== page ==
In his 40 years in the Senate, as is now well known, Biden was a key architect of harsh criminal penalties for nonviolent drug users. Undoing much of his own work was one way to make sense of a large part of the criminal justice plan his presidential campaign recently released. Finding a centrist's safe-and-happy medium on weed in particular, Biden has not embraced legalization—a.k.a. commercialized, recreational pot use—but has claimed to back decriminalization, or removing at least most pot offenses from the criminal justice system.
But Biden is actually pushing a policy that could wreck the growing American weed industry and massively disrupt users' access to the drug, attorneys, consultants, academics, and entrepreneurs well-versed in US cannabis policy say.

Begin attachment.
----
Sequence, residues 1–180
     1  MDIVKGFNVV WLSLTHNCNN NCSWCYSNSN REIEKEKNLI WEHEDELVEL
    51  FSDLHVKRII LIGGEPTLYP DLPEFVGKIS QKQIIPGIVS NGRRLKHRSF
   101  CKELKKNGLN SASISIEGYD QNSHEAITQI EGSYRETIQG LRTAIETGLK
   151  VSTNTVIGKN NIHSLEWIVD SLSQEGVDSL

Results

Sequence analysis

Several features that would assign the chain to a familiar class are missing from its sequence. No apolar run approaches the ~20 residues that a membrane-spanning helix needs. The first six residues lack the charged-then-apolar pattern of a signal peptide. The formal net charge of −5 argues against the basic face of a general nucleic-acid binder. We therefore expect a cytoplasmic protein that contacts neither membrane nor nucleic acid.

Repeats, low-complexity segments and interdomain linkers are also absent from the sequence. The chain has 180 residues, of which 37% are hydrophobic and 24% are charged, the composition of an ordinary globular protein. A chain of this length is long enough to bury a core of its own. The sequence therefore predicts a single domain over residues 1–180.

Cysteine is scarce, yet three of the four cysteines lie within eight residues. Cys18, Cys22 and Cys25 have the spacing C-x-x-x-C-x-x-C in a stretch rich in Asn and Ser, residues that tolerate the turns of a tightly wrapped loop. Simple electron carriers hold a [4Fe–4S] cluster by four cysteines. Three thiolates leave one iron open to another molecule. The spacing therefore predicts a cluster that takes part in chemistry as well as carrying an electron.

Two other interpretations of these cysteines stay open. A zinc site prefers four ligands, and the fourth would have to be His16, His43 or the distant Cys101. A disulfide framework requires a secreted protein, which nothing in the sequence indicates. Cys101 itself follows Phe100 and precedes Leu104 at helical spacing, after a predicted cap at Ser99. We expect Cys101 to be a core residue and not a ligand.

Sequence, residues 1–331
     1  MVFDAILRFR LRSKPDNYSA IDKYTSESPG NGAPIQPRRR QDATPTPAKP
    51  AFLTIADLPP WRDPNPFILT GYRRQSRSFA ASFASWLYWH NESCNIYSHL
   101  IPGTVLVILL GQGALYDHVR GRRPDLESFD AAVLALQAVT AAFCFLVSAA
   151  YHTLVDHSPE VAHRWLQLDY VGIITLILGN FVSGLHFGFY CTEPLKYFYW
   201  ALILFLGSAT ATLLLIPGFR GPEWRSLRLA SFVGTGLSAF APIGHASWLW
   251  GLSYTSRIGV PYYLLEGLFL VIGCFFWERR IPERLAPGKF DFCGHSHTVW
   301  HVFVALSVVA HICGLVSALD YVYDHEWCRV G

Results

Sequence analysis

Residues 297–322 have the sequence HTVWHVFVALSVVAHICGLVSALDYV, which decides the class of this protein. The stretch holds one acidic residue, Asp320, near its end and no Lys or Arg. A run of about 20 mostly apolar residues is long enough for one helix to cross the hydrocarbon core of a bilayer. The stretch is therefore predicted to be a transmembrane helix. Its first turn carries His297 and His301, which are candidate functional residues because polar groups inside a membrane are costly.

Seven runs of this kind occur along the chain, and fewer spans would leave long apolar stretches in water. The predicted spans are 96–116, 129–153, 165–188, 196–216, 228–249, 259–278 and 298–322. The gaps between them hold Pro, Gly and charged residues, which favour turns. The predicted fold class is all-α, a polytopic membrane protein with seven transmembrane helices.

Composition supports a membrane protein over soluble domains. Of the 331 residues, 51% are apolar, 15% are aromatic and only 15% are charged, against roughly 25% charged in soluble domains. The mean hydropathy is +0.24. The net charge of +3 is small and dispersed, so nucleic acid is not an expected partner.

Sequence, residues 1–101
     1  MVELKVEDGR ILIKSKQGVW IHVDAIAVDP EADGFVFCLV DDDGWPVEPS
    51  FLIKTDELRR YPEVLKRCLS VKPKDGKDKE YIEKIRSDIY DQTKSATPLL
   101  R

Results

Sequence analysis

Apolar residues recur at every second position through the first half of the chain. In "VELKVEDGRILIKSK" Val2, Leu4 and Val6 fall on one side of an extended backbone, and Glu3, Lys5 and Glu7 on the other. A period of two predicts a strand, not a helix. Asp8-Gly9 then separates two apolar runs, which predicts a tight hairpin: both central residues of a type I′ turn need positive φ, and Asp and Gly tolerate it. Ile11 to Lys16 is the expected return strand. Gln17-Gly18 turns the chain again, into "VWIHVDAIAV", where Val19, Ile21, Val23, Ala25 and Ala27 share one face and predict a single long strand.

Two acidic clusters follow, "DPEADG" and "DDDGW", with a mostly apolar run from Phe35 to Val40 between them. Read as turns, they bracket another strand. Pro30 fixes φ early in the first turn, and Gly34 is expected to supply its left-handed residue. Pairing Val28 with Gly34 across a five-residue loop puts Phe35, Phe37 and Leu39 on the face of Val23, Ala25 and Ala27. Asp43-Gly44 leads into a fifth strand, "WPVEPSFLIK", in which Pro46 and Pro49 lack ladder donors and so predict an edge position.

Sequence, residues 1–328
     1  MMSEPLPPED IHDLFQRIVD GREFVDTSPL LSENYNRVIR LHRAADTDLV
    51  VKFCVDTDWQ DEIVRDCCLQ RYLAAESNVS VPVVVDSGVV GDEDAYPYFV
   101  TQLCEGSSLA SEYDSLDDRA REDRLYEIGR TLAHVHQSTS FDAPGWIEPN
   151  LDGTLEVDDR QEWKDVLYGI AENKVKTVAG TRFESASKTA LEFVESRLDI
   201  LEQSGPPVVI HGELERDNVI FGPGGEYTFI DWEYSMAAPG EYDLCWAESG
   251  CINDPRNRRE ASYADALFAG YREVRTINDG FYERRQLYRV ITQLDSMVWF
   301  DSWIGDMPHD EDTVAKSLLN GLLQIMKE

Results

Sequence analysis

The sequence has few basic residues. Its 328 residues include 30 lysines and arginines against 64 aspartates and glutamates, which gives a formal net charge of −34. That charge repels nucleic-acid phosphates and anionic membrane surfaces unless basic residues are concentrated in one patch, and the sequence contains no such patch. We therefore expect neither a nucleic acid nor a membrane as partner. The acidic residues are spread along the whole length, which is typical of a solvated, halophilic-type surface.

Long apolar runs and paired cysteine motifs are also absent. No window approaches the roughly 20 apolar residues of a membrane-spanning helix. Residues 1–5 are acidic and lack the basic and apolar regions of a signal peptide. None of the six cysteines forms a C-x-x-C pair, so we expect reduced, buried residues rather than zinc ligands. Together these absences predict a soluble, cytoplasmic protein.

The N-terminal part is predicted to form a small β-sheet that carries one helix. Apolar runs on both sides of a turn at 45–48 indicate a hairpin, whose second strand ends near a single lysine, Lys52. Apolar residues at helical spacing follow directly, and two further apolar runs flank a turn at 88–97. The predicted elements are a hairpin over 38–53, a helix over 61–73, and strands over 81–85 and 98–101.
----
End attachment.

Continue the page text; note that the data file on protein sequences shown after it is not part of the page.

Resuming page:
"I view Biden's plan as a ham-fisted handing over of cannabis to the pharmaceutical industry," said Gavin Kogan, a California-based cannabis executive and attorney who chairs Grupo Flor, a large, vertically-integrated cannabis firm.
Cannabis is currently listed as a Schedule I controlled substance, the classification intended for drugs with a high potential for abuse and no medical value—a designation contradicted by a 2017 National Academies of Sciences, Engineering, and Medicine review, mocked on a daily basis by dozens of states with medical-use laws, and that even Attorney General William Barr apparently believes is untenable.